Xianming Shi, associate professor in the Department of Civil and Environmental Engineering at Washington State University in Pullman, WA, is serving as the principal investigator of a current IDOT/ICT Project: “Design of Living Barriers to Reduce the Impacts of Snow Drifts on Illinois Freeways” (R27-164).
Shi focuses his work on applied research that can mitigate the environmental footprint of transportation systems and infrastructures. What drew him in particular to this project are the challenges facing transportation in a cold northern climate such as Illinois, in addition to the fact that he participated in past projects sponsored by the Clear Roads Pooled Fund program, of which IDOT is a member.
The goal of the project is to investigate living snow fences as an alternative to structural fences, in an effort to study the design of these living barriers and optimize their intended effect. According to Shi, “Our multidisciplinary approach is novel and results oriented.” With the project underway, he adds, “We hope that the upcoming winter season in Illinois will not be too warm so that we can capture some valuable field data related to snow drifting and snow fences to integrate into our snowdrift model and help the design of living snow fences.”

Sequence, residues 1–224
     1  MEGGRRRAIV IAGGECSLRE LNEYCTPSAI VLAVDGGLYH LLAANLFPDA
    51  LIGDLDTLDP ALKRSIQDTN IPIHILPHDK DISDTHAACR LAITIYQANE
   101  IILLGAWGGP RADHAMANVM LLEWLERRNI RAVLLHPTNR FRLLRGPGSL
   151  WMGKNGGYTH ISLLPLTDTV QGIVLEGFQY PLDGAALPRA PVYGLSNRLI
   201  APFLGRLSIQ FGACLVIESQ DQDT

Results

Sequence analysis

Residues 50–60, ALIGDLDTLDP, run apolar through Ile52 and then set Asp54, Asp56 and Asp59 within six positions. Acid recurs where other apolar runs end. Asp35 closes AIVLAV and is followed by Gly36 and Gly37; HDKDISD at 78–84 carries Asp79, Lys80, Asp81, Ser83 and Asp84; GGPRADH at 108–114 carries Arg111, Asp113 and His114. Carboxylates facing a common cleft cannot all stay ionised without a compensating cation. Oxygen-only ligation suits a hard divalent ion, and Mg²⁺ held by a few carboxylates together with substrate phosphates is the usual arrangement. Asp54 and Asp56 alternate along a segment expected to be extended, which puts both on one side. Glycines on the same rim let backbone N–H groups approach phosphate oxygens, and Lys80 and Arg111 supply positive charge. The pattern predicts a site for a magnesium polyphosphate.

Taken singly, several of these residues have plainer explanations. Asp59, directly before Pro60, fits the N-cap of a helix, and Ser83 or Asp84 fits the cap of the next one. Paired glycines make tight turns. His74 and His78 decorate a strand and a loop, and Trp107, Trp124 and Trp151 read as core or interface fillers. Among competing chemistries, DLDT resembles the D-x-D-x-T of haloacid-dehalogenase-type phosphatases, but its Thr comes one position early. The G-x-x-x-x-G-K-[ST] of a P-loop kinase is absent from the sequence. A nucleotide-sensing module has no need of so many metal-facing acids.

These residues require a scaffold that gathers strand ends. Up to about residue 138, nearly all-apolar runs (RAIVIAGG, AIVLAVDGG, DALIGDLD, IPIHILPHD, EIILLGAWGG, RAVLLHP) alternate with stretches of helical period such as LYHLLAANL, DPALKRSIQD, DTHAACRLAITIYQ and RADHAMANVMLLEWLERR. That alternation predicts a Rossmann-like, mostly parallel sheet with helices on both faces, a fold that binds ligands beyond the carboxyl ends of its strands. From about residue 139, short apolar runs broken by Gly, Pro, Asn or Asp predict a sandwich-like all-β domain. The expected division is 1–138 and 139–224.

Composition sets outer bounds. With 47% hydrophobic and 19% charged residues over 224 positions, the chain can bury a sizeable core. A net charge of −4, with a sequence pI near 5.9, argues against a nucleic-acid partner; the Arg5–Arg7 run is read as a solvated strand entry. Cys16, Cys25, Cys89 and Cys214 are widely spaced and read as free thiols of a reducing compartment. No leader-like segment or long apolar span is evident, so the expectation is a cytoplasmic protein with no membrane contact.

Shi has been on the faculty at Washington State University since 2014. He also serves as associate director of the Center for Environmentally Sustainable Transportation in Cold Climates and associate director of the Center for Advanced Multimodal Mobility Solutions and Education. Previously, he worked at Montana State University and the Chinese Academy of Sciences.
Shi holds a Ph.D. in chemistry from the Institute of Chemistry, Chinese Academy of Sciences and a M.Sc. in industrial management engineering from Montana State University. He has won several awards for his work, including the 2016 ASCE ExCEED (Excellence in Civil Engineering Education) Fellowship and the AASHTO 2016 Sweet Sixteen High Value Research Project award for a project sponsored by the New Mexico DOT.